stability, mobility, presentability, reliability, adaptability, dust-abatement-ility…
A few of the reasons I held to when I built my printer enclosure. With the primary one being -
So, how it turn out?
Pretty well, I’d say.
A while back I’d made the original enclosure for my printer, which consisted of recycled T-Slot extrusion I got for free and scrap acrylic I re-purposed. Actually making that piece of it was poorly documented by me, so I’ll present the pieces in the blog equivalent of a montage, another photo wall.
I’d used these pieces off of thingiverse for the 2020 plates printed in PETG, and assembled with drop in t-nuts on m5 screws. Eventually I scrounged up a granite slab and added it under the printer to act as a mass to dampen the vibrations of the printer.
And that was good enough for about 8 months.
But then I was gifted an old server rack…
So of course I had to use it. I drew up a few sketches and got to work. First off was making it mobile. It had originally been connected to the lower caster pedestal which came off in short order. After a bit of digging I found a source of some cheap(er) leveling casters, and bolted them to the base. Overkill? Oh yeah.
Next up was attaching a shelf and re-sizing the granite. For the editing of the dimensions on the granite slab, I looked into a variety of methods. Renting a wet saw looked to be the best option, but that would require renting the saw and buying the blade for what was likely a one-time use ($~150). Another option was to take the slab to a local granite shop and ask them to cut it, which after a few calls turned out to be impractical given the night hours I had to work on this. The method I ended up using was buying a 4.5” diamond blade for my angle grinder. This worked well but I’d not suggest this unless you know what you’re doing, as granite dust is no joke and there’s no good way to manage an angle grinder and try to abate dust at the same time. That said, the diamond blade treated that granite like it said something nasty about it’s mother, and absolutely demolished the task of taking the slab down to size.
And with that all set, next up came the wiring.
Oh, the wiring.
BIG OL DISCLAIMER - Only wire mains if you know what you’re doing, it can hurt/maim/kill you. take it from me, who as a child did actually stick a fork in an outlet.
Of note - All additional components DIN rail mounted, incorporating a breaker (bumped down to 10 amp), controlled outlets, a full Flex ATX PSU for accessories, a Raspberry PI 4 for Octo-Pi, and a slew of other fun stuff.
First off was making the mount for the DIN rail to fit into the rack. I sized the MDF to be snug between the verticals.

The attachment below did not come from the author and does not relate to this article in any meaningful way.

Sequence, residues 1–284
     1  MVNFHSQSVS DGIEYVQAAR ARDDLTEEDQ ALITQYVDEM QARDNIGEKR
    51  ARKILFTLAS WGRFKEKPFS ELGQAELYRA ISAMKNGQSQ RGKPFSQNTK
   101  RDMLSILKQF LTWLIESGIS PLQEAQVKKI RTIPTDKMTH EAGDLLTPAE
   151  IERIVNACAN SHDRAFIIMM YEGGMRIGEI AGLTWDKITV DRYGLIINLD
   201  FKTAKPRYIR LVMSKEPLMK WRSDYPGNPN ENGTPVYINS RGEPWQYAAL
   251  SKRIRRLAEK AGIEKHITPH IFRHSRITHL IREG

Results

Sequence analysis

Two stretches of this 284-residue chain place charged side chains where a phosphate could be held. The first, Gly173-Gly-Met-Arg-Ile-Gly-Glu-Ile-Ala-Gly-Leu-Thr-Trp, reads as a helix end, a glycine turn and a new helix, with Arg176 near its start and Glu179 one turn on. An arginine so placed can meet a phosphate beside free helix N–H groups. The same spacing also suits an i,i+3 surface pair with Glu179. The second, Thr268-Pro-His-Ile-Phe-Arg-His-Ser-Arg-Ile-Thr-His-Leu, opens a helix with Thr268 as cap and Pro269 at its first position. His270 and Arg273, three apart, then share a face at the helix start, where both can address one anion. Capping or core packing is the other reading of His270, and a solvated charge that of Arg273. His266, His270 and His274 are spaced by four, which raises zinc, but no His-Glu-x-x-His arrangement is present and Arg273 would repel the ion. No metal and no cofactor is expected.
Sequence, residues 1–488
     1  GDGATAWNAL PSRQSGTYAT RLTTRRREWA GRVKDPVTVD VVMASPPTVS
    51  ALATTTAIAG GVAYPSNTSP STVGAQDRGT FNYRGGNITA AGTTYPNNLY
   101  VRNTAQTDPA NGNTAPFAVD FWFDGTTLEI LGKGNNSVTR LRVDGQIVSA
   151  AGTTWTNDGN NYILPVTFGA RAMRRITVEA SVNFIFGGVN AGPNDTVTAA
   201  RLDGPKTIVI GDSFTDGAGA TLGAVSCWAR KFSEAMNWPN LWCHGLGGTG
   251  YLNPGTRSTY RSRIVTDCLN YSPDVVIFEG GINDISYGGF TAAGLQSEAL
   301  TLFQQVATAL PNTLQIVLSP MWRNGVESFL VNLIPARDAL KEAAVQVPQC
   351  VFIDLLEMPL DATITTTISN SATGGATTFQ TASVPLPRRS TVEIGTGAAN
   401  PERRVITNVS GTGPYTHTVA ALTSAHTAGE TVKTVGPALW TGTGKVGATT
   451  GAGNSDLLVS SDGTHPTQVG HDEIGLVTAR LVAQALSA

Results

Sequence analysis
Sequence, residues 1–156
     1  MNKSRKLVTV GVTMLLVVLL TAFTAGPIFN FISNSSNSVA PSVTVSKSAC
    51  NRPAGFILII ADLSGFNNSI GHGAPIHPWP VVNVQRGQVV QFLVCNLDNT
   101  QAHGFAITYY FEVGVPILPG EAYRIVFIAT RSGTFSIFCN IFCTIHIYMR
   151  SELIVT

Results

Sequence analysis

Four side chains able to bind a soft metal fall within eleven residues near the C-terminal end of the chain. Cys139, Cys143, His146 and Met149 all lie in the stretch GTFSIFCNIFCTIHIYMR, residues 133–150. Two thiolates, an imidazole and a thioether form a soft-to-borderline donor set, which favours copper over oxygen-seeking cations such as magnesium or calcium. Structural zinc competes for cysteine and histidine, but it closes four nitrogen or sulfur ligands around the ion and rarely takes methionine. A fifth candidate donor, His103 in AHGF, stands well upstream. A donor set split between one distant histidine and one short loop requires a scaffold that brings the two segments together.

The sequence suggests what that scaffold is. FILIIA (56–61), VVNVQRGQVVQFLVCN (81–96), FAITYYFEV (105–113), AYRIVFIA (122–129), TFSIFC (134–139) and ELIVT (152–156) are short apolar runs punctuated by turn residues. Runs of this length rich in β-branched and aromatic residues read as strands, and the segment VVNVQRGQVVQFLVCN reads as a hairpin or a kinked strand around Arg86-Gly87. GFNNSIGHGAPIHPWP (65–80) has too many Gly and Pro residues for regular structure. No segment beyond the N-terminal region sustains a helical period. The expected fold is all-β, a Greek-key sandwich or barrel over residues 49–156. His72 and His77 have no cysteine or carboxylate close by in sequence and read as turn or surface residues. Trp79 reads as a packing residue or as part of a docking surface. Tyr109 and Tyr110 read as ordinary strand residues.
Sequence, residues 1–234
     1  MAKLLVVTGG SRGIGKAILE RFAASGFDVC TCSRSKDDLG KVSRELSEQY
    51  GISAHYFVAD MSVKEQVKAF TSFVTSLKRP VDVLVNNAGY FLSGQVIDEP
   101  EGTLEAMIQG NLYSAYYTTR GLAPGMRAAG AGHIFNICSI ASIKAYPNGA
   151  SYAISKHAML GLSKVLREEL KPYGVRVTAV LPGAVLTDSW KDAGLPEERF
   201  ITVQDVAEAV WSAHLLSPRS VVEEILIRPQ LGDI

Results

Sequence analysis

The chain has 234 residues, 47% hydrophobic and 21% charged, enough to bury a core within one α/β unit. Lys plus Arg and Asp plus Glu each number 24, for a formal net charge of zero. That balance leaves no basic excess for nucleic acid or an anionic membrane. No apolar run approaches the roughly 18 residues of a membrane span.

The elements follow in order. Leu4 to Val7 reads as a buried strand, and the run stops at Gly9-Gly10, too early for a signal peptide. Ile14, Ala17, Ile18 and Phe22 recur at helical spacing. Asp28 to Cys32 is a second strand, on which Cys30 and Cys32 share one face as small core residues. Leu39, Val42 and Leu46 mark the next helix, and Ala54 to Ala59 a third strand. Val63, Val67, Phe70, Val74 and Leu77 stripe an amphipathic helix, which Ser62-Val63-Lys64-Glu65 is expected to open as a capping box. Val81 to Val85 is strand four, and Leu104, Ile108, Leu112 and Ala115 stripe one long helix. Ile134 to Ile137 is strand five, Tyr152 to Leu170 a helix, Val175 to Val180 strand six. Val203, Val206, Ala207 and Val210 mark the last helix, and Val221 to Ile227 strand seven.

Next up was populating the rail. Got a batch of components in and got to work wiring.
Panduit is to wire management as Bondo is to auto-body work.
At this point I attached a few more pieces to the low-voltage side of the rail - including a Raspberry Pi 4.- and to the back of the MDF where space wasn’t available.
Everything came together smoothly on the rail, and ended up fitting in snugly with the 19” of space I had between rack rails.
In mounting the Pi4 to the rail I found that most of the existing Pi cases for DIN rails aren’t that great, so I designed the one shown for laser cutting and bent it up using a hot air gun. It includes space for the (unused) battery, wire management tie downs, and mounting for a 40mm fan. Temps with the case and the fan running + an aluminum heat-sink have been between 35-42c.
With all pieces mounted, I set about attaching the rail assembly to the rack. Not shown is adding in the smallest piece of fingered conduit I think I’ve ever seen (0.75” wide x 1” tall).
Next up came the E-Stop wiring, which traces along the sides and up to the front. All conductors are contained in a 14-5 cable that is entirely overkill for what it’s doing, but going to do it very well all the same.
For the enclosure for the switch, I made a box and added in a block to extend the mounting to the side of the rack. To attach it to the rack, I’ve got 3 2” screws that are all set at an offset to one another going into the block to oppose the force of being hit from the front.
From there I added a few extras, including:
Incorporating a few high-output 12v LEDs hooked up to the ATX PSU
Replacing the Prusa’s original 240w power supply with a genuine MeanWell 350w supply, and attaching it to the 2020 rails of the enclosure.
Doing some additional wire management and using 20a rated genuine Phoenix connectors to route power through the wall of the enclosure, plus USB3 pass through.
And with that, that’s where I’m at. Using Octroprint’s enclosure plug in I can now control the status of the ATX PSU by pulling down the PS-ENABLE pin on the PSU (wired to the Pi’s GPIO), and the 2 relays controlling the 2 outlets on the back, one of which has the printer plugged in. The Pi itself is powered via the always on 5v line from the PSU, which is quite handy.
Anyways, this was a fun project, and learned quite a few new things in doing it it. I had to put it down before feature creep would have made the scope balloon beyond what I would have been able stomach working on. Other things I would have liked to have added would have been a new filament storage box, incorporating the MMU2 I bought November 2018, incorporating filtered fans for intake/exhaust, and adding a touch screen to the rack for the Octroprint Touch UI. That said, I’m happy with those being projects for another day.
Thinking on it, I’ve had a slew of printers, with the Prusa being the least fussy of them all. That I do any additional work to it is somewhat anethematic to the reason I purchased it in the first place. That said, tinkering with printers is something I think I’ll always want to do at some level.
Just… one… more… feature…